first_imgStephanie Keith/Getty Images(NEW YORK) — Harvey Weinstein is now scheduled to stand trial for rape and sexual assault in September, three months later than initially planned. The judge set a new date of Sept. 9 for a trial that attorneys said is expected to last about a month.Jury selection is expected to last two weeks.Judge James Burke indicated he has decided whether to allow testimony from women other than the two whose allegations form the basis of the criminal case. He declined to reveal his decision in open court.While lawyers argued whether evidence of Weinstein’s alleged prior bad acts can be admitted, Burke ordered the courtroom sealed at the request of both the defense and the prosecutors. Burke said it was the only way to assure Weinstein’s right to have his criminal trial heard by an impartial jury. He did acknowledge the information would include allegations of rape and sexual assault that were never charged by the DA.The defense said the damage of unsubstantiated allegations should be kept from an insatiable media.News organizations including ABC News fought unsuccessfully to keep the courtroom open.Copyright © 2019, ABC Radio. All rights reserved.last_img read more

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‘Joker’ movie prompts mass shooting threat at US movie theaters

first_imgRgStudio/iStock(LAWTON, Okla.) — The soon-to-released psychological thriller Joker starring Oscar-nominated actor Joaquin Phoenix has prompted a “credible potential mass shooting” threat on a movie theater somewhere in the United States, military officials warned in a memorandum issued this week.The alarming notice was sent out on Monday by military officials at Fort Sills Army base in Oklahoma, and was based on intelligence gathered by the FBI from the “disturbing and very specific” chatter of alleged extremists on the dark web, officials said.The movie, which won the Golden Lion for Best Film at the Venice International Film Festival in Italy earlier this month, is scheduled to be released nationwide on Oct. 4.“Commanders need to be aware of this threat for Soldier and family safety and to increase situational awareness should they choose to attend the release of this movie at a local theater,” reads the memorandum obtained by ABC affiliate state KSWO-TV in Lawton, Okla.The threat warranted the “widest dissemination” to the Fort Sills community although it was not directed at a specific theater.The threat stirred fears of a repeat of the Sept. 20, 2012, mass shooting that left 12 people dead and 70 injured during a screening in Aurora, Colo., of The Dark Knight Rises, another film about the same fictional Batman villain that won Heath Ledger a posthumous Academy Award.Disturbed by the violence depicted in a trailer for the Joker, loved ones of those killed in the massacre at the Aurora movie theater sent the film’s distributor, Warner Brothers, a letter on Tuesday asking the studio to commit to gun control causes.“Keeping everyone safe should be a top corporate priority for Warner Brothers,” the letter reads.The movie theater in Aurora, where the 2012 mass shooting occurred, has chosen not to screen the Joker, according to The Hollywood Reporter.In a statement to ABC News, Warner Brothers said the film is fictional and not a glorification of “real-world violence.”“Gun violence in our society is a critical issue, and we extend our deepest sympathy to all victims and families impacted by these tragedies,” Warner Brothers’ statement reads. “Make no mistake: Neither the fictional character Joker, nor the film, is an endorsement of real world violence of any kind.”The Aurora movie theater where the 2012 mass shooting occurred has apparently chosen not to screen the Joker, according to The Hollywood Reporter.Christopher Grey, a spokesman for the U.S. Army Criminal Investigation Command, said the memorandum sent out by Fort Sill was done “out of an abundance of caution.”Brad Garrett, a former FBI special agent and ABC News contributor, said on Good Morning America on Thursday that such warnings are becoming more frequent.“As law enforcement has moved through so many mass shootings and so many other types of violence, that when they get intelligence, even if it’s not specific, they will pass it on to local or state authority just so they are aware,” Garrett said.Copyright © 2019, ABC Radio. All rights reserved.last_img read more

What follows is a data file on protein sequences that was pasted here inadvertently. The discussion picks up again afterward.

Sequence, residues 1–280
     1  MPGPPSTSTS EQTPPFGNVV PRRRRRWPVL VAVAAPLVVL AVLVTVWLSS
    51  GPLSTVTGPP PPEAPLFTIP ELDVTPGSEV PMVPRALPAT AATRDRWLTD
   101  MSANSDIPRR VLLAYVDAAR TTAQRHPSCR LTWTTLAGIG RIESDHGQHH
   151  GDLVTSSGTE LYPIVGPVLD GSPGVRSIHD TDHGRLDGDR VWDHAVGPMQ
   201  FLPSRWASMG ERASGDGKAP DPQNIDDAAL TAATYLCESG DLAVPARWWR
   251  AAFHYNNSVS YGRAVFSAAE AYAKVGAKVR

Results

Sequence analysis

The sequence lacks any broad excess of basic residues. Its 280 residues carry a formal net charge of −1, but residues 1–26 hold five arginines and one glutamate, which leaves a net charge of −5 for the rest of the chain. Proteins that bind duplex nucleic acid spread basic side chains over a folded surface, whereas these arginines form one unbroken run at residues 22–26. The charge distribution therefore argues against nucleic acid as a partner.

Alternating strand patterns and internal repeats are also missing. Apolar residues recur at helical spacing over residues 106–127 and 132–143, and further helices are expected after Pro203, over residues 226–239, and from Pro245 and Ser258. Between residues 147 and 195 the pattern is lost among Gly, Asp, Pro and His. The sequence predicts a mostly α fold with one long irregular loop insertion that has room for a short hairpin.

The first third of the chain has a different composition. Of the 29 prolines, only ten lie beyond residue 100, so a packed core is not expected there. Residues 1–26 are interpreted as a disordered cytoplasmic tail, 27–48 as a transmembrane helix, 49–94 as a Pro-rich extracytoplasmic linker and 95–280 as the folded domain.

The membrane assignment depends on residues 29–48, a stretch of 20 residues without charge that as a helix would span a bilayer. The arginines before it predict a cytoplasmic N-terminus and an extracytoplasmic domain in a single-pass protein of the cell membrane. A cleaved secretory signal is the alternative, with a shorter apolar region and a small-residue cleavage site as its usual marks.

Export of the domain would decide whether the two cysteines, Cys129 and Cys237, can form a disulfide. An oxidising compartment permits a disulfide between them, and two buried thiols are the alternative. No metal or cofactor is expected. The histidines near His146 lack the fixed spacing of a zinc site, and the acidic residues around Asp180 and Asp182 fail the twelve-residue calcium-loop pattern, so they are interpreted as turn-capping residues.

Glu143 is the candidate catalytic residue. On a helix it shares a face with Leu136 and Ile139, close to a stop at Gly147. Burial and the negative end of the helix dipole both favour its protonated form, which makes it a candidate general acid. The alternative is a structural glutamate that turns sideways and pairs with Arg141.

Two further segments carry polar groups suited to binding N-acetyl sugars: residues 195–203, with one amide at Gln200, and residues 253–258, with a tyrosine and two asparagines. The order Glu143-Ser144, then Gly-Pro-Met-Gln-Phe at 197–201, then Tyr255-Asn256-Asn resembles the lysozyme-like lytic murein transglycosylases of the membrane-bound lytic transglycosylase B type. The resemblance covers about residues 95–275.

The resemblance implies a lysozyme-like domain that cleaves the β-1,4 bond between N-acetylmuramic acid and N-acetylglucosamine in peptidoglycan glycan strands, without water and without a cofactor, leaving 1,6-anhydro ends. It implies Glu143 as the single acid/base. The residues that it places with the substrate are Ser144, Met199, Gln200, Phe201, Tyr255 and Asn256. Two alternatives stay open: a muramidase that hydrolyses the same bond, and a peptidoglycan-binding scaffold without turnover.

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Melinda Gates pledges $1 billion to promote gender equality